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Polyhydroxybutyrate (PHB) is a polyhydroxyalkanoate (PHA), a polymer belonging to the polyesters class that was first isolated and characterized in 1925 by French microbiologist Maurice Lemoigne. PHB is produced by micro-organisms (like Alcaligenes eutrophus or Bacillus megaterium) apparently in response to conditions of physiological stress. The polymer is primarily a product of carbon assimilation (from glucose or starch) and is employed by micro-organisms as a form of energy storage molecule to be metabolized when other common energy sources are not available. Microbial biosynthesis of PHB starts with the condensation of two molecules of acetyl-CoA to give acetoacetyl-CoA which is subsequently reduced to hydroxybutyryl-CoA. This latter compound is then used as a monomer to polymerize PHB.[1]

The poly-3-hydroxybutyrate (P3HB) form of PHB is probably the most common type of polyhydroxyalkanoate, but many other polymers of this class are produced by a variety of organisms: these include poly-4-hydroxybutyrate (P4HB), polyhydroxyvalerate (PHV), polyhydroxyhexanoate (PHH), polyhydroxyoctanoate (PHO) and their copolymers.


Polyhydroxybutyrate has attracted much commercial interest as a plastic material because its physical properties are remarkably similar to those of polypropylene (PP), even though the two polymers have quite different chemical structures. While PHB appears stiff and brittle, it also exhibits a high degree of crystallinity, a high melting point of about 180 °C, but, most importantly, PHB is rapidly biodegradable, unlike PP.[1]

Two major factors inhibiting widespread use of PHB lie in its production costs, which are a lot higher than plastics produced from petrochemicals, and its brittleness, since PHB as it is currently produced cannot handle high impact. There are also some concerns of how large quantities of PHB would affect the environment. In the future research using genetic technology may be able to produce a better bacteria-based plastic that has more desirable properties and is cheaper to produce. For example PHB production may become cheaper if researchers could find a way to make bacteria produce larger amounts of polymer within shorter time spans. If PHB becomes as cheap as plastics produced from petrochemicals, then it will probably become widely used, since it has the potential to be employed for packaging products like bottles, bags, wrapping film and disposable nappies.[2] PHB is being also evaluated as a material for tissue engineering scaffolds and for controlled drug-release carriers owing to its biodegradability, optical activity and isotacticity.[3]

Given the wide interest into polyhydroxyalkanoates, research on PHB has been quite extensive both in academic and industrial centres. Within the last decade, a team at the DoE Plant research lab at Michigan State University genetically modified plants to enable them to produce PHB. In 1992 they took two genes from PHB-making bacteria and inserted them directly into two cress plants and then crossed them. Some of the offspring plants incorporated both the new genes and produced PHB in their leaves. They had managed to create a plant that could grow plastic. After further refinining of the process they managed to increase production within the plant without affecting growth: 14% of the dry weight of the genetically modified leaves is PHB.[2]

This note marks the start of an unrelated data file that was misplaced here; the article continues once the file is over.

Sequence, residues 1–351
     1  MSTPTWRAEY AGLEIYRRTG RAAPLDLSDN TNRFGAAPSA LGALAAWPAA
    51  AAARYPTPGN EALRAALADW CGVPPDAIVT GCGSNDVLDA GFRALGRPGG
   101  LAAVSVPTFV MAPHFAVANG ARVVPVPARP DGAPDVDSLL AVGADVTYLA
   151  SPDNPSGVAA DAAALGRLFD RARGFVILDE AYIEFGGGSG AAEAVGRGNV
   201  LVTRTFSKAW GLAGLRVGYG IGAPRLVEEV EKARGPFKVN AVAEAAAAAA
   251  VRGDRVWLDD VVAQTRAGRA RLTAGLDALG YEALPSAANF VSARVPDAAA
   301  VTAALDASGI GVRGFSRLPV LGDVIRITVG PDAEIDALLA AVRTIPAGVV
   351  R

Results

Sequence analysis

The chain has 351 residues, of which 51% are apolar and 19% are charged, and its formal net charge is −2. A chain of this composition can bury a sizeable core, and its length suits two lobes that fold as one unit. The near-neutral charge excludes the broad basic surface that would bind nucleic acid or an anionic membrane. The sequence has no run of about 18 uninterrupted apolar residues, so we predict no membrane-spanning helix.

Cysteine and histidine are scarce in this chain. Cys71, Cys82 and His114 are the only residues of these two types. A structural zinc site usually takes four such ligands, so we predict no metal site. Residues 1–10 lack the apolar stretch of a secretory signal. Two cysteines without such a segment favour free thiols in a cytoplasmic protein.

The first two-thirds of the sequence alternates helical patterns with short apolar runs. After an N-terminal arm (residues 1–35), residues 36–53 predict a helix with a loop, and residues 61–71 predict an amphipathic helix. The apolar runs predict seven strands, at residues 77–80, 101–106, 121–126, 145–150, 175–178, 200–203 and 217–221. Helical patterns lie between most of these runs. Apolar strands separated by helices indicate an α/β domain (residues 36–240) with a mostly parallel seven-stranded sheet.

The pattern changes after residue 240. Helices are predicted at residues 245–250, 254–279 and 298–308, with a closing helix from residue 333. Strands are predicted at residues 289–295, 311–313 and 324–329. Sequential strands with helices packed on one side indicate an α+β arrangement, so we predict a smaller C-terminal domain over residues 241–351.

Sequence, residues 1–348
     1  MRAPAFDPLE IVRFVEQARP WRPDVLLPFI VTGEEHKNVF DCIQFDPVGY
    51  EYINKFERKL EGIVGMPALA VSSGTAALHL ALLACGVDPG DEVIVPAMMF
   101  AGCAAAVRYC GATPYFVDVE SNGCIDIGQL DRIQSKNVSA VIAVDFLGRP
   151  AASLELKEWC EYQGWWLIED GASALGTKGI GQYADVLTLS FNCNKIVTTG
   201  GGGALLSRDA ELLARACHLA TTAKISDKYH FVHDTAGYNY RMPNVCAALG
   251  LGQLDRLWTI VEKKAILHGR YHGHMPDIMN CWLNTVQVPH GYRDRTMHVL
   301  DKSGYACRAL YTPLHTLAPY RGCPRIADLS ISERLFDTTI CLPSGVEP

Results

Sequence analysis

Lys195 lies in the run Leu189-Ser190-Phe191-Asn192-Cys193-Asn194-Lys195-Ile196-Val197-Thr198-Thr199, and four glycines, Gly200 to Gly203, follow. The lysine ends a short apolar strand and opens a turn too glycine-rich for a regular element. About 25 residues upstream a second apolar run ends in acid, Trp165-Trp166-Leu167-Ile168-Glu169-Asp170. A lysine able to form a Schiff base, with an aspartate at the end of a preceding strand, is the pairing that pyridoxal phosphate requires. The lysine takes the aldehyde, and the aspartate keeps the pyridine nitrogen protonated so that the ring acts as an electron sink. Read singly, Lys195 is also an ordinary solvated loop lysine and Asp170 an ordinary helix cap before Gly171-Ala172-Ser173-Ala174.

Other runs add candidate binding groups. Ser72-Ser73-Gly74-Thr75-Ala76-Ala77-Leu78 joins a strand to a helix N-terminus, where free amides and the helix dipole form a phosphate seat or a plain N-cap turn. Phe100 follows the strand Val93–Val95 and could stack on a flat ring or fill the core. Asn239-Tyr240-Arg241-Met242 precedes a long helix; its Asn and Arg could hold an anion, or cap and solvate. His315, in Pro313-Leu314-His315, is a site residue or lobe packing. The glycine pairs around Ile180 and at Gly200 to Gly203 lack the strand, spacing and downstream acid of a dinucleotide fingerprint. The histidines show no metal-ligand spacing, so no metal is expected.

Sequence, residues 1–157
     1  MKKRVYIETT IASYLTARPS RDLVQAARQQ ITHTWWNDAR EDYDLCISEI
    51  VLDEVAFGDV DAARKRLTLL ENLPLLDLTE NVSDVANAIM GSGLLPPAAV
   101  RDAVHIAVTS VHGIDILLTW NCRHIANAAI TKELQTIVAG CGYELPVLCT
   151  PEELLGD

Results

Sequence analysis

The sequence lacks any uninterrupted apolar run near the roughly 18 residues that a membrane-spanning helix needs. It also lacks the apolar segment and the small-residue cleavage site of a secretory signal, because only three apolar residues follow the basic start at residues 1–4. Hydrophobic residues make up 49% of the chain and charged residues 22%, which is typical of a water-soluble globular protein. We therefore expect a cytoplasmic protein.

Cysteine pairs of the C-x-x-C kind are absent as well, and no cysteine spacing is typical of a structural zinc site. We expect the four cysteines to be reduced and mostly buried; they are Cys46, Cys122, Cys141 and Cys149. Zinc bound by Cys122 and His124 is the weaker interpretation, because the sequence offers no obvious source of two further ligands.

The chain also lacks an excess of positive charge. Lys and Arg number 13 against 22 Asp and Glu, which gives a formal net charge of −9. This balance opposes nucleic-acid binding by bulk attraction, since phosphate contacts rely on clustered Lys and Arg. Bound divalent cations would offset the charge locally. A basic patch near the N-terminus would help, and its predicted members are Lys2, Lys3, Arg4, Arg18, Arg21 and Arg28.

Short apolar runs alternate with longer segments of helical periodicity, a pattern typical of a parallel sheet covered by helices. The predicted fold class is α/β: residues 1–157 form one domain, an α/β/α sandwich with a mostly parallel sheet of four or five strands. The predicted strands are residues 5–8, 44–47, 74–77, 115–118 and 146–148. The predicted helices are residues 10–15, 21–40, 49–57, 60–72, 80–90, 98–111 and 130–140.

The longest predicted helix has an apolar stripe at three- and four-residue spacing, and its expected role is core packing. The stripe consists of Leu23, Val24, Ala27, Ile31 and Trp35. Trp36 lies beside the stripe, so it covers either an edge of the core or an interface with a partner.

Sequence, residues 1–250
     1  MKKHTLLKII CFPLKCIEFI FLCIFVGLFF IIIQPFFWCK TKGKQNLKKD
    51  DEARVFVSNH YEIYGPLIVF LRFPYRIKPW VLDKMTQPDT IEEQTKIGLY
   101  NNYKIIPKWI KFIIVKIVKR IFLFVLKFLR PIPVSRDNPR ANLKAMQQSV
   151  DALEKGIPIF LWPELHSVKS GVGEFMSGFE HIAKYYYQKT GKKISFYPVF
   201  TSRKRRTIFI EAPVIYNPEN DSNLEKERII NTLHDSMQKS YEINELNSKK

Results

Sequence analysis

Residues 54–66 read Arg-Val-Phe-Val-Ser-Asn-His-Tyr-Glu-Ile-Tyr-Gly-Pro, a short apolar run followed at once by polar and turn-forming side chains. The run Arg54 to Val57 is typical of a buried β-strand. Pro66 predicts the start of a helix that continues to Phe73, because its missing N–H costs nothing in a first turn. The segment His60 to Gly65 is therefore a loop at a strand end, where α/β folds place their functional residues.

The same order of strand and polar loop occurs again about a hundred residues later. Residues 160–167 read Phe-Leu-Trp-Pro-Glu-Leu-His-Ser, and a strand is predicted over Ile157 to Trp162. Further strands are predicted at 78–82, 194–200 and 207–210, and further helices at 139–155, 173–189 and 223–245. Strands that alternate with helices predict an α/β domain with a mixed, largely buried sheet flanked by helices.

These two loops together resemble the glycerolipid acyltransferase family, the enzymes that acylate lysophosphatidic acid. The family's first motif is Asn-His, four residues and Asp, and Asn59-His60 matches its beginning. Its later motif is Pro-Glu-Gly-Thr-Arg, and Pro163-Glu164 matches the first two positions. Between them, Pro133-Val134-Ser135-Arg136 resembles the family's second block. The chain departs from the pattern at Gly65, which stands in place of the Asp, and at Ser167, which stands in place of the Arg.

During the 1980s, by means of genetic engineering, the three genes responsible for PHB production in A. eutrophus were successfully transferred to the common bacterium E. coli as well, paving the way for recombinant bacterial synthesis.
In 1996 Monsanto (who sold PHB under the trade name Biopol) bought all patents for making the polymer from ICI/Zeneca. However, Monsanto's rights to Biopol were sold to the American company Metabolix in 2001[4] and Monsanto's fermenters producing PHB from bacteria were closed down at the start of 2004. The focus is now on producing PHB from plants instead of bacteria. But now with so much media attention on GM crops, there has been little news of Monsanto's plans for PHB.[2]
In June 2005, a US company received the "Presidential Green Chemistry Challenge Award" (small business category) for their development and commercialisation of a cost-effective method for manufacturing PHAs in general, including PHB.

Properties of PHB 1. PHB is water insoluble and relatively resistant to hydrolytic degradation. This differentiates PHB from most other currently available biodegradable plastics, which are either water soluble or moisture sensitive. 2. PHB shows good oxygen permeability. 3. PHB has good ultra-violet resistance but has poor resistance to acids and bases. 4. PHB is soluble in chloroform and other chlorinated hydrocarbons. 5. PHB is biocompatible and hence is suitable for medical applications. 6. PHB has melting point 175C., and glass transition temperature 15C. 7. PHB has tensile strength 40 MPa which is close to that of polypropylene. 8. PHB sinks in water while polypropylene floats. But sinking of PHB facilitates its anaerobic biodegradation in sediments. 9. PHB is nontoxic.


  1. ^ a b Steinbüchel, Alexander (2002). Biopolymers, 10 Volumes with Index. Wiley-VCH. ISBN 3-527-30290-5. 
  2. ^ a b c Plastics You Could Eat. Retrieved on November 17, 2005.
  3. ^ Hasirci, Vasif (February 2003). "Poly(3-hydroxybutyric acid-co-3-hydroxyvaleric acid) based tissue engineering matrices". J. of Materials Science: Materials in Medicine 14: 121-126. Kluwer. doi:10.1023/A:1022063628099. ISSN 0957-4530.
This article is licensed under the GNU Free Documentation License. It uses material from the Wikipedia article "Polyhydroxybutyrate". A list of authors is available in Wikipedia.
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